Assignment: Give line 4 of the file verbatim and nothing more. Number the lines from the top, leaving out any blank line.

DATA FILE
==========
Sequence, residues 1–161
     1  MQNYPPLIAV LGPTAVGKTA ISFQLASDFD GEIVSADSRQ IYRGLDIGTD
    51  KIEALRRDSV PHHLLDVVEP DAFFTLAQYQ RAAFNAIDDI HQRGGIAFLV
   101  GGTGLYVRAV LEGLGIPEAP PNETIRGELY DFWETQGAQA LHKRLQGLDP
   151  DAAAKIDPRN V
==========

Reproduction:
   101  GGTGLYVRAV LEGLGIPEAP PNETIRGELY DFWETQGAQA LHKRLQGLDP